Primary outcome: first-attempt success and total success
Six RCTs were used to calculate the pooled estimate for assessing the rate of first-attempt success. Overall, the rate of first-attempt success in the ultrasound-guided group and palpation group was 55.1% and 30.3%, respectively. Ultrasound-guided radial artery catheterization was associated with an increased first-attempt success (RR 1.78, 95% CI 1.46 to 2.18, P < 0.00001, Fig. 3), and no significant heterogeneity was shown among these studies (I2 = 24%).
The rate of total catheterization success was reported in all seven studies. The data demonstrated that the rate of total success was significantly higher in the ultrasound-guided group versus the palpation group (83.9% vs. 62.7%, RR, 1.33; 95% CI 1.20, 1.48; P < 0.00001, Fig. 3). However, significant heterogeneity was observed among the included studies for the total success (I2 = 67%, Fig. 3).
Subgroup analysis based on age
There was only one trial reporting the data on the elder children. This study involved a wide age range (0–18 years), but most were elder children, with a mean age of 99 months in two groups. Other studies reported data on infants and small children. For the first-attempt success, no difference was detected between studies on elder children (one trial, RR 1.01, 95% CI 0.46 to 2.24), but a significant difference on small children and infants (five trials, RR 1.90, 95% CI 1.55 to 2.33). However, the test for subgroup effects revealed that age-related subgroup differences were not statistically significant (P = 0.13). In terms of the total success rate, there was also only one study on the elder children and no difference was shown (RR 1.05, 95% CI 0.84 to 1.30). Six trials reported the total success rate on small children and infants, and a significant difference was detected between studies (RR 1.45, 95% CI 1.29 to 1.63) (Fig. 4).
Subgroup analysis based on the operator’s experience
Of the seven studies included, five reported the operator’s experience on the radial arterial catheterization. Only one study reported that no operator had performed more than 10 ultrasound-guided arterial cannulations before this study, and the other studies had experience of more than 10 cases in arterial catheterization technique or familiar with the ultrasound-guided technique for central venous catheterization. Results showed that the ultrasound-guided technique did not significantly increase the success of catheterization at the first-attempt and the total success rate in the pediatric populations as compared with the palpation technique when the operator had minimal experience (one study, RR 1.01, 95% CI 0.46 to 2.24 for first-attempt success; RR 1.05, 95% CI 0.84 to 1.30 for total success). However, in the subgroup of studies in which operators had more experience, the success of catheterization at the first-attempt and the total success were both significantly increased in the ultrasound-guided group (four studies, RR 2.08, 95% CI 1.63 to 2.67 for first-attempt success; RR 1.56, 95% CI 1.34 to 1.81 for total success) (Fig. 5).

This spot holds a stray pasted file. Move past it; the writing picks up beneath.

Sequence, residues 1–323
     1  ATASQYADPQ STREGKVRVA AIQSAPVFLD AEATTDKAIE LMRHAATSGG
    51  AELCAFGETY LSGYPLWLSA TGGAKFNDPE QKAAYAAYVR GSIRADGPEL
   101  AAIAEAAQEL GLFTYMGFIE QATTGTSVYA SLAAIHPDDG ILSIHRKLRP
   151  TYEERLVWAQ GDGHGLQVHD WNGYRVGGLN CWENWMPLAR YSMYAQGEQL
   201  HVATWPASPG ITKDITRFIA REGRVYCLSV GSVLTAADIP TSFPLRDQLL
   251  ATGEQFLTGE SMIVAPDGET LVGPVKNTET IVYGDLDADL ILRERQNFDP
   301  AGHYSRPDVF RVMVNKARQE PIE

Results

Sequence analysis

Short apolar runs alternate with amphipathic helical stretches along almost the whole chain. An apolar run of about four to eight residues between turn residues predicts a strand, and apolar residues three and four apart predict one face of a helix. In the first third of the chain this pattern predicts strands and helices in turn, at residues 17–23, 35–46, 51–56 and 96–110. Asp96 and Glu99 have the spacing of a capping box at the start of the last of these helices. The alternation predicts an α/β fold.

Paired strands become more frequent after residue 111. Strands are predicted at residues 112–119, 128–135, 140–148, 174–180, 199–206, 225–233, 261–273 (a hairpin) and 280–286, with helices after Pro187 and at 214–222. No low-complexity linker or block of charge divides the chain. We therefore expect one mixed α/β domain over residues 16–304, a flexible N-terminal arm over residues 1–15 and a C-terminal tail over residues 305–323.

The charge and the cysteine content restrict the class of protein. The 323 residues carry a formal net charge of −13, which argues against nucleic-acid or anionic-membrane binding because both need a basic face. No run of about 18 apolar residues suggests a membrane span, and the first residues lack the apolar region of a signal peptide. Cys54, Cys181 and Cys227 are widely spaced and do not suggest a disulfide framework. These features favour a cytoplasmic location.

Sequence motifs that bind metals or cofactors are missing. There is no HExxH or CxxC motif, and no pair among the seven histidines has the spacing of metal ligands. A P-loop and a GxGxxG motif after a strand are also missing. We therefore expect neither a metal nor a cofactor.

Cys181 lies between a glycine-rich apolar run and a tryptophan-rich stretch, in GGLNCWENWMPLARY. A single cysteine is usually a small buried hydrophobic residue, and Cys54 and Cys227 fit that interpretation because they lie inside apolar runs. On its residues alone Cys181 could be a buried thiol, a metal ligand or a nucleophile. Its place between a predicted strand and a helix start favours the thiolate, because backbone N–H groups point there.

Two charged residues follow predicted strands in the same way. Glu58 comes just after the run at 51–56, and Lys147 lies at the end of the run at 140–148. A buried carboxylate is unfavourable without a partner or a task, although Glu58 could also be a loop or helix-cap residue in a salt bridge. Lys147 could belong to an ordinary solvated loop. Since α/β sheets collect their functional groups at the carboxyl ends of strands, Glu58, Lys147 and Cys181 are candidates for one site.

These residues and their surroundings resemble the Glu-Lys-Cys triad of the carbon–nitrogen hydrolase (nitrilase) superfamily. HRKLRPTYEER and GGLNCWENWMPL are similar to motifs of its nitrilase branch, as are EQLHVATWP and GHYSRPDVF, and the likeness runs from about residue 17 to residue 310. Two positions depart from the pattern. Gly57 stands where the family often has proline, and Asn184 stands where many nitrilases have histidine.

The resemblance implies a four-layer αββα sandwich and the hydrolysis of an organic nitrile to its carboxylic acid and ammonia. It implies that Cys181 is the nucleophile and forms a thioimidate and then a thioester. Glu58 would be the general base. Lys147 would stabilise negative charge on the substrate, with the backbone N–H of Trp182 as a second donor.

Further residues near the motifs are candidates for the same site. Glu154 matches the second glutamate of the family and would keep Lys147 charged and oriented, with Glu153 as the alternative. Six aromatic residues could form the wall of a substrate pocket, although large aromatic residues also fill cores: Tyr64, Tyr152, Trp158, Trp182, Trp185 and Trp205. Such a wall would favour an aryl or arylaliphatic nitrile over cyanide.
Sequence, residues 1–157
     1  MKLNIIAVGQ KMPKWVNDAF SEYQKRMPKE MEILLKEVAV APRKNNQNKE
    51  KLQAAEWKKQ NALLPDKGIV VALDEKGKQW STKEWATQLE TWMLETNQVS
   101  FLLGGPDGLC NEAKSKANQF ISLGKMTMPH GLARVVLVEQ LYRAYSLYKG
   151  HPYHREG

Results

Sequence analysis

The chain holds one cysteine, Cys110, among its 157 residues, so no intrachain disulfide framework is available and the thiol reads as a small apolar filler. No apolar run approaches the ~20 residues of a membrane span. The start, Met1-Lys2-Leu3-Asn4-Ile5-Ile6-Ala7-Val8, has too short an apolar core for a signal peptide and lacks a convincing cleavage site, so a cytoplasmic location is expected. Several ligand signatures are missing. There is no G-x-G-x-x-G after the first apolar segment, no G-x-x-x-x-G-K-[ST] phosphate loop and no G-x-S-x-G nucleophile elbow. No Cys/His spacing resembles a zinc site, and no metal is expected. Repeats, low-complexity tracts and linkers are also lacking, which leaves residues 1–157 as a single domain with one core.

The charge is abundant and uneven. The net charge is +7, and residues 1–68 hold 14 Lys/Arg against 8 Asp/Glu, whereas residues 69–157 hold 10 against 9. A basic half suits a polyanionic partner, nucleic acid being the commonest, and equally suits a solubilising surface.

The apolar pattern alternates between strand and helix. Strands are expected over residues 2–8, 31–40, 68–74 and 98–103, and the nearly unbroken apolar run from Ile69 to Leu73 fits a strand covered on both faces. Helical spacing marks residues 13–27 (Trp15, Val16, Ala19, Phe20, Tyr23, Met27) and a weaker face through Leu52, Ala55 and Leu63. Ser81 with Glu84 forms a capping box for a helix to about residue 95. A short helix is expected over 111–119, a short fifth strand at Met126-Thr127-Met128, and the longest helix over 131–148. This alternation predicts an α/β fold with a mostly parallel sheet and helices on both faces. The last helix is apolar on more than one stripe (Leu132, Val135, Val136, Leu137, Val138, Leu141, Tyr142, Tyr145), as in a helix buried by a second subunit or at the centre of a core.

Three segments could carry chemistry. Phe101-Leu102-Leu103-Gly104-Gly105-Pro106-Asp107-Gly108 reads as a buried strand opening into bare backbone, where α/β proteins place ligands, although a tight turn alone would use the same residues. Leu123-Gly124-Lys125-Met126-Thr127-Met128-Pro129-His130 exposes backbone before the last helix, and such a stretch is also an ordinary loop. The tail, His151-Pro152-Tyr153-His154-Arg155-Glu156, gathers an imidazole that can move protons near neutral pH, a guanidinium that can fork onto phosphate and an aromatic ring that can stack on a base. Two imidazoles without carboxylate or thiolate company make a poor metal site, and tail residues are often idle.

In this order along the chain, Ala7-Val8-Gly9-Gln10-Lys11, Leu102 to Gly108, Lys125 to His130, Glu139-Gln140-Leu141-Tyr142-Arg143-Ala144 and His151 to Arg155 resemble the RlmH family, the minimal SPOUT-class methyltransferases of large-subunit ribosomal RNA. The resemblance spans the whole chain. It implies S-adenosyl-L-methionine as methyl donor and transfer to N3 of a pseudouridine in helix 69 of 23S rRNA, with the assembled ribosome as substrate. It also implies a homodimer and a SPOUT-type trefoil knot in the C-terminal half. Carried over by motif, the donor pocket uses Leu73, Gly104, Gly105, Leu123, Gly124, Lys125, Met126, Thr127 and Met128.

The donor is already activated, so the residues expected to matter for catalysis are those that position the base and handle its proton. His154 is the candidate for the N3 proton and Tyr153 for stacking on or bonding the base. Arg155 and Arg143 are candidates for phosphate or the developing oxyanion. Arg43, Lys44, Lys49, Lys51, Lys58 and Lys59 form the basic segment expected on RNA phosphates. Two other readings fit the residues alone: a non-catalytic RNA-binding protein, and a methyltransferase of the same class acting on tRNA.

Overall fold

Similar to previous studies, ultrasound-guided radial artery catheterization was associated with less mean attempts to success (WMD − 0.96, 95% CI − 1.35 to − 0.56, P < 0.00001, Fig. 6), shorter mean time to success (WMD − 98.65 s, 95% CI − 142.02 to − 55.29, P < 0.00001, Fig. 6), and lower incidence of hematomas (RR 0.21, 95% CI 0.11 to 0.42, P < 0.00001, Fig. 7).
This is a further systematic review and meta-analysis of seven RCTs to evaluate the efficacy of the ultrasound-guided technique for radial arterial catheterization in pediatric populations. From the available data, the present meta-analysis showed that the ultrasound-guided technique was associated with a higher rate of first-attempt and total success in radial arterial catheterization for pediatric patients compared with the traditional palpation technique. Additionally, ultrasound-guided radial artery catheterization significantly reduced mean attempts to success, mean time to success, and incidence of the complication of hematoma.
Since the use of ultrasound guidance was first reported in arterial catheterization by Nagabhushan et al.  in 1976, ultrasound guidance has been increasingly used for arterial catheterization. Several reports were published to demonstrate the advantage of the ultrasound-guided technique for the insertion of an arterial catheter in adult populations [23, 24]. A recent meta-analysis conducted by Aouad-Maroun and his colleagues  aimed to compare the ultrasound-guided technique with other techniques (including the traditional palpation technique and Doppler) for arterial catheterization in pediatric patients. However, the low number of RCTs included in these studies made the evidence level relatively low. The high degree of heterogeneities was existed in these studies because of the inclusion of Ueda’s research comparing ultrasound with Doppler, which may lead to higher biases. Therefore, another meta-analysis is required to evaluate the curative effect of the ultrasound-guided technique versus the traditional palpation. This meta-analysis of comparative studies investigated the ultrasound-guided technique versus the traditional palpation technique for radial artery catheterization in pediatric populations.